Known as “the Rose of the North,” Chiang Mai will inspire you with its rich culture, lively art scene, and surrounding countryside of rice paddies and forest-covered mountains. To help plan your next trip to Thailand, we asked Nonpavidh Tosivutsilavut, Chef Concierge at Four Seasons Resort Chiang Mai, to share his recommendations for experiencing the very best of Chiang Mai – from sacred temple visits to savouring local cuisine to where to shop for souvenirs.
Shopping in Chiang Mai
Although Chiang Mai’s Night Bazaar is well-known, much better shopping can be found along Nimmanhaemin Road, where stunning contemporary textiles are on offer at Studio Kachama, along with other galleries, shops and coffee houses. On Charoenrat Road, shops such as Vila Cini offer sophisticated silks and furnishings based on traditional northern Thai designs. Last-minute shoppers can stop at the Central Airport Plaza, where vendors offer tasteful mementos whose proceeds benefit local hill tribes.
Experience Northern Thailand’s natural beauty
Even without leaving the Resort, you can try rice planting, mountain biking, spa treatments and much more. Farther afield, there’s hiking to waterfalls, visits to organic farms and a favourite among guests: a visit to the Queen Sirikit Botanic Garden. Laced with streams on the side of a mountain, the garden is a wonderland of rare orchids, palms and ferns. Four Seasons will pack a lunch for you to ensure a perfect picnic.
Chiang Mai by bicycle
Want to explore the lush green landscapes around Chiang Mai and get some exercise in the process? The Resort has mountain bikes available for guests, along with route suggestions, and the Concierge desk can steer you to organized bike tours into the countryside as well. If you’d prefer to use horsepower, the Pack Squadron Riding Club, a mere 15-minute drive from the Resort, offers horseback riding; experienced instructors and various outings are available (basic horseback riding experience required).
Chiang Mai’s best restaurant
Chiang Mai has a booming restaurant scene, and one place not to miss is The House. Set in a beautifully restored old home, it’s an Indo-Chinese mix of antiques, silks, candlelight and a terrace lounge right out of Scheherazade. The cooking is a careful mix of international styles, including dishes such as pan-fried duck, salmon tartare and lamb kebabs. There’s a more casual tapas bar here, too, along with a sophisticated clothing and home décor boutique called Ginger.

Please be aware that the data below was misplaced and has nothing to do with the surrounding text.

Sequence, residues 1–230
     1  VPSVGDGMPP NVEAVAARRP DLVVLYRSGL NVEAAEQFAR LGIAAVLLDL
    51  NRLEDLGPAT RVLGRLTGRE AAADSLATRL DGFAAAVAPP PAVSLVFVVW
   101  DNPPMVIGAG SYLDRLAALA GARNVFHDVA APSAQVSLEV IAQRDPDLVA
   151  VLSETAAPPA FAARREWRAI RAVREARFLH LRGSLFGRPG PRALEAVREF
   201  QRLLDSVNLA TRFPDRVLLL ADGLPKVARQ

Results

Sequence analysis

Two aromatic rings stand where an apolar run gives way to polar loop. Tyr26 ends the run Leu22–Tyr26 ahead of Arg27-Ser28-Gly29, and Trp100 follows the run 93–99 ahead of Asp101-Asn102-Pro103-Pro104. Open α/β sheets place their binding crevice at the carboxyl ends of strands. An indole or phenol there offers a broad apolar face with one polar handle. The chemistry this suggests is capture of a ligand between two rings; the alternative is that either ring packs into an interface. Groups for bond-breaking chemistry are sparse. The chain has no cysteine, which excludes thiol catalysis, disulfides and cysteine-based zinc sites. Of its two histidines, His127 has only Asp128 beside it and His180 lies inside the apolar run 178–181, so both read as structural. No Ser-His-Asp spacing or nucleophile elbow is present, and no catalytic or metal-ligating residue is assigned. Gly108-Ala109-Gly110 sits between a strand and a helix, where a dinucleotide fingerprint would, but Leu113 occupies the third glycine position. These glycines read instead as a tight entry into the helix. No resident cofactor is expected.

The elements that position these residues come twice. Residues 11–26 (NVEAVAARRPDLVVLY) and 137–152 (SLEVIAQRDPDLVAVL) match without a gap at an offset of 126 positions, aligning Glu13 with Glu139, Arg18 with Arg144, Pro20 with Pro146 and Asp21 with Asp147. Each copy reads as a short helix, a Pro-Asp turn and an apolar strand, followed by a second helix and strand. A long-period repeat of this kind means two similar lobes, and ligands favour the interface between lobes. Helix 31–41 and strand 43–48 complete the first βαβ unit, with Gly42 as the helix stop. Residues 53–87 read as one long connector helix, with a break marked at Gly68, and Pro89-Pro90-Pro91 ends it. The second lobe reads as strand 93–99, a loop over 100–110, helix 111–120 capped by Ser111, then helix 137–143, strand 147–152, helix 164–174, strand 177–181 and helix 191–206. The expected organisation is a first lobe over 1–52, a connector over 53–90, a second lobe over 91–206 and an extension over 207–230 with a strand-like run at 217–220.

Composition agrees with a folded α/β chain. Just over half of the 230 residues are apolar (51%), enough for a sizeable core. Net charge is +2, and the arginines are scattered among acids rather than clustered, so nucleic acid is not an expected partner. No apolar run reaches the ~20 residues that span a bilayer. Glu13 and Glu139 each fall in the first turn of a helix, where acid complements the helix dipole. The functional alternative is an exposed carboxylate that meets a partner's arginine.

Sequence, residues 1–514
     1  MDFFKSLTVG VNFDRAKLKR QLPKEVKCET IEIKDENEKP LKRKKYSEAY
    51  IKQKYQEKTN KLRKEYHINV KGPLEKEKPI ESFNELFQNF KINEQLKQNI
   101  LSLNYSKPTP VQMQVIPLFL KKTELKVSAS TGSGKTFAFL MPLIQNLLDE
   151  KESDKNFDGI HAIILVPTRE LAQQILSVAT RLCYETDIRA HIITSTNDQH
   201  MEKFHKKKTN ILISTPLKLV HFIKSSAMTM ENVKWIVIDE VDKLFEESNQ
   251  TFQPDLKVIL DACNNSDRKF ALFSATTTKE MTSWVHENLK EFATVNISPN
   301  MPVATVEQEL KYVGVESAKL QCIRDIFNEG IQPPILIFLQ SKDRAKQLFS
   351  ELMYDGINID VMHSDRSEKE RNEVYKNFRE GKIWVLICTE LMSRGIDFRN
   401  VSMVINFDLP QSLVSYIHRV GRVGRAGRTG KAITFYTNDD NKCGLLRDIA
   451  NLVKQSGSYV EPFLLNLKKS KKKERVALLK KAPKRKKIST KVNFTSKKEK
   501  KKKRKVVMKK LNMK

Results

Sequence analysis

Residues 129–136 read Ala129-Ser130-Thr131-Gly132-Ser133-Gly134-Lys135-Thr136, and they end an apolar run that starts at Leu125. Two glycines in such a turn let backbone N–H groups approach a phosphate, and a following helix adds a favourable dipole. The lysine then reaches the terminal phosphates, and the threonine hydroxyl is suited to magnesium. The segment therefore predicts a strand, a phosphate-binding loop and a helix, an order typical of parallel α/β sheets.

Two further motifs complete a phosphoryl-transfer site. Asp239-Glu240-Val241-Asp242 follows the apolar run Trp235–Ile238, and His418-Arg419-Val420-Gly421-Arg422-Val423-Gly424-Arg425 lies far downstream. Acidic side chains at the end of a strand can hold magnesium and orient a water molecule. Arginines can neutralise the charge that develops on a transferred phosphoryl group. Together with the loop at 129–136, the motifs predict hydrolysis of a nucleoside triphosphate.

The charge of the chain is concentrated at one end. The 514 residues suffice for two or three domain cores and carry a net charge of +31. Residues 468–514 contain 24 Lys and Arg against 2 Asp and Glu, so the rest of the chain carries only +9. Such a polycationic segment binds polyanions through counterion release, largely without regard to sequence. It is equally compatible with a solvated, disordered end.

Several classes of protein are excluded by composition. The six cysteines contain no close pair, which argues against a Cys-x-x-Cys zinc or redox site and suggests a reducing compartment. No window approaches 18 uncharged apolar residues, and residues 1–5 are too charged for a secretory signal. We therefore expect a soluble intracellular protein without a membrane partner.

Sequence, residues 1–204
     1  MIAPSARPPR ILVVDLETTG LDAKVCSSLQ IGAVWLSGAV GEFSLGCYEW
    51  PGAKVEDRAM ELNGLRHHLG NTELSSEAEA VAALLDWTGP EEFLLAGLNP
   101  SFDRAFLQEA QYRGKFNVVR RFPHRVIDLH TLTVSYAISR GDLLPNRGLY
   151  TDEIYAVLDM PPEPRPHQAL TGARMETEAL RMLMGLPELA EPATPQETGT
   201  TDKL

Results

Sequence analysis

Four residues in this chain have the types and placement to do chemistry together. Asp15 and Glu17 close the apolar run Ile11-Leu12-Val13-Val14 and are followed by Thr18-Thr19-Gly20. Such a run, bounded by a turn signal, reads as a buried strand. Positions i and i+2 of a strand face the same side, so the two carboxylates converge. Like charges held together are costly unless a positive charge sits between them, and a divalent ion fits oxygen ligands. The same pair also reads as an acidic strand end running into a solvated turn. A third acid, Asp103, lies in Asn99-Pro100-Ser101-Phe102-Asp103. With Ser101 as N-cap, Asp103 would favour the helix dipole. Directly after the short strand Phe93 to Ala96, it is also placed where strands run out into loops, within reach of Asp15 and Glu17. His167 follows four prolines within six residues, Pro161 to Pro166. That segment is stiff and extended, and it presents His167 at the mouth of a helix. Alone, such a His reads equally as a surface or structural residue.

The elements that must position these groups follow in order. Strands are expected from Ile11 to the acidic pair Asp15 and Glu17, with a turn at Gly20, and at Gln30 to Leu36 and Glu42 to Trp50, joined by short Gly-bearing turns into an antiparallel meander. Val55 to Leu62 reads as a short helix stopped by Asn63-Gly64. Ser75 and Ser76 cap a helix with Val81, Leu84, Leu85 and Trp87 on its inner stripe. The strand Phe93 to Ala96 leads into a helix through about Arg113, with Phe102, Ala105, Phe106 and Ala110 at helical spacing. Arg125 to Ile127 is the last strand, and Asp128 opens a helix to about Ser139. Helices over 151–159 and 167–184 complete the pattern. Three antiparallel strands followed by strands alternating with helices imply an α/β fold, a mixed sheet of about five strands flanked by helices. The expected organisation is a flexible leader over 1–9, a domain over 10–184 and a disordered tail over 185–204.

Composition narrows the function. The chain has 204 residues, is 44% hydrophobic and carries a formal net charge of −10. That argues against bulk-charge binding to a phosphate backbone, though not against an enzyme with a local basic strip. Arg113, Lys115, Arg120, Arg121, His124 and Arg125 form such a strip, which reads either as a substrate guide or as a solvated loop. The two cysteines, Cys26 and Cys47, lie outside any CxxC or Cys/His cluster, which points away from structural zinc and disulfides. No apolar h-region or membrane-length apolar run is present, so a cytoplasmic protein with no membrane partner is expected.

Learn to cook in Chiang Mai
Northern Thai food is distinctly different from what you’ll taste in Bangkok or the southern beach resorts. At the Cooking School, you can learn to make the authentic dishes featured at the Resort’s Sala Mae Rim restaurant, such as khao soi noodles in a curry broth, or pad thai, a wok-fried rice noodle dish with prawns
Celebrate the Festival of Lights
Every year in November, northern Thais celebrate Yi Peng, a Buddhist festival focused on merit-making and celebrated by the release of floating khom loy lanterns into the sky to carry wishes and dreams up towards the heavens. The best place to experience this beautiful celebration is Chiang Mai, where thousands of lanterns are released simultaneously, resulting in an unforgettable spectacle as they light up the entire night sky. Join the large celebrations in the city, or enjoy a small, intimate celebration at the Resort, where guests are able to release their own khom loy on the edge of the lake.
Explore ancient temples
A walk around Chiang Mai’s 700-year-old central core—set within ancient walls and a moat—is a must. Dozens of temples dot the area, including Wat Chiang Man, the city’s oldest, and Wat Chedi Luang, with its ancient stone stupa. The shady grounds of Wat Phra Singh are perfect for strolling or quiet contemplation. Saffron-robed monks are everywhere and are often willing, even eager, to practice their English with visitors. Ask the Concierge about the program called “Monk Chat.”
For the most panoramic view of the city, go to Wat Phra That Doi Suthep, the gold-domed temple visible for miles around atop Doi Suthep Mountain. Among the lures here are a relic of the Buddha kept in a golden pagoda, and a 300-step staircase lined with serpentine sculptures. The best time to visit is in the early morning, around 7 am, when the monks are going about their daily activities.